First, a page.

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Three Ways To Improve Hiring Practices and Lessen The Talent Gap

At a recent conference sponsored by the National Institute of Standards and Technology (NIST), there was a lot of discussion regarding the gap between talent supply and demand in the cybersecurity industry. The audience featured a mix of academics, government and industry, and while there was no dispute over the presence of this talent gap, there were no clear ways to address it.

The conference’s keynote began with a joke about the ways colleges and universities disqualify large majorities of otherwise qualified applicants to demonstrate how “elite” or “prestigious” they are. Because many job postings focus on imprecise skill indicators, like college degrees, some certifications and vague resume bullets, the speaker suggested that we do away with those and focus on skills-based assessments.

Speaker after speaker beat the same drum, each describing the Utopia that would allow for millions of disenfranchised job seekers and long suffering hiring managers to meet. In one session, a startup showed off a timed, scored, challenge-based assessment tool called Hacker Rating that allowed coders to participate in challenges to demonstrate their skills.

Including skills assessments in the hiring process is nothing new. Academia has required whitepapers and presentations as part of the interview process for a very long time. Other industries use puzzles and practice pitches to allow applicants to show off their skills. None of that addresses the establishment of restrictive “minimum requirements,” however.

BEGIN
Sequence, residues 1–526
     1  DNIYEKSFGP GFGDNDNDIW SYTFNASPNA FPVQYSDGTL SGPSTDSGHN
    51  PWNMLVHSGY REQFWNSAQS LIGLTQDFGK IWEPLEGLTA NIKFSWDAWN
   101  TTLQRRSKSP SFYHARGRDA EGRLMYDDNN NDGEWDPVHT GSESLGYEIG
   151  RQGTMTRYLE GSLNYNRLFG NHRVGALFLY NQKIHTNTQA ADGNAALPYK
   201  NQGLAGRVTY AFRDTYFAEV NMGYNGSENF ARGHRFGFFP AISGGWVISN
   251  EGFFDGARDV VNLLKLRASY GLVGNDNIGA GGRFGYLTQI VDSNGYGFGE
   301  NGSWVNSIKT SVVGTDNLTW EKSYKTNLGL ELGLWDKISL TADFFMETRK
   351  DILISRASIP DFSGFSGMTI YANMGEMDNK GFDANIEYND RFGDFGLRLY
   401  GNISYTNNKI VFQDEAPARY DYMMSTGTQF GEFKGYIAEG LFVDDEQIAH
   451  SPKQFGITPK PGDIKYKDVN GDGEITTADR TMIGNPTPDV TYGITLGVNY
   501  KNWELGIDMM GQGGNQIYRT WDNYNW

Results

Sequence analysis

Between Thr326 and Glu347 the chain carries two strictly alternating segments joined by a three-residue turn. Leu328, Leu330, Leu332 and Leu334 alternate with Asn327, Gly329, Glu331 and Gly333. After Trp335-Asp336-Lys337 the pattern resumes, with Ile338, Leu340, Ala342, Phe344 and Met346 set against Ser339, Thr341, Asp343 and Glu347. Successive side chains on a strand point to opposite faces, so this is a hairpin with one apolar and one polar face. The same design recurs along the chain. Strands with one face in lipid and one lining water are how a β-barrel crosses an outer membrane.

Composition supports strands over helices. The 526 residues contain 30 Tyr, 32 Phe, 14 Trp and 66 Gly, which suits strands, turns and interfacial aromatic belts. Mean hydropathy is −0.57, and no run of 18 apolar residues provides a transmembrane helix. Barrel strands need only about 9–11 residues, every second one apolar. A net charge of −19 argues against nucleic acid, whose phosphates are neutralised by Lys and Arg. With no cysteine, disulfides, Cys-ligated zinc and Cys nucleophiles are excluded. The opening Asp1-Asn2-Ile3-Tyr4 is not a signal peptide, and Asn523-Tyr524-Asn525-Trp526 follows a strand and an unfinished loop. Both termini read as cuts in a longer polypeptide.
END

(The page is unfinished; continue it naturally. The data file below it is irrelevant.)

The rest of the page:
When we look at the supply and demand of skilled, qualified workers, the challenge is not to fill the talent gap with people, but to fill it with the right people. In academia, government and large industries, hiring the wrong person can cost a team’s productivity and management’s time to fix. As I sat through the conference, I wondered if there was a process that might work to merge the emerging skill assessment method with the traditional formal qualification evaluation.

For discussion, I suggest the following:

1. Eliminate legacy requirements and institute a level set on real, minimum requirements. Does the job require a four-year degree? Why? If there’s a certification requirement, can the training be done on the job, perhaps during the probationary period?

2. Create and distribute an initial skill assessment to all applicants. Use the skill assessment to weed out applicants before investing time to review their resumes.

3. After narrowing the applicant pool, ask your candidates to complete second skill assessment or practical demonstration. At the end, you can call the applicants and discuss how they did in the skill portion, saving the evaluation of “soft skills” for the on-site interview.

Creating skill assessments will take time and resources, so I’m not presenting this as a simple fix, but rather as a place to begin a conversation regarding the ways in which an organization can attract a broader range of applicants, while hiring the most skilled and qualified candidates for a position.

For those candidates who are highly skilled, but need certification, or for development of your current workforce, Merit Network offers more than forty cybersecurity certifications, customized private workshops and turnkey training programs. Visit our Cyber Training page to learn more.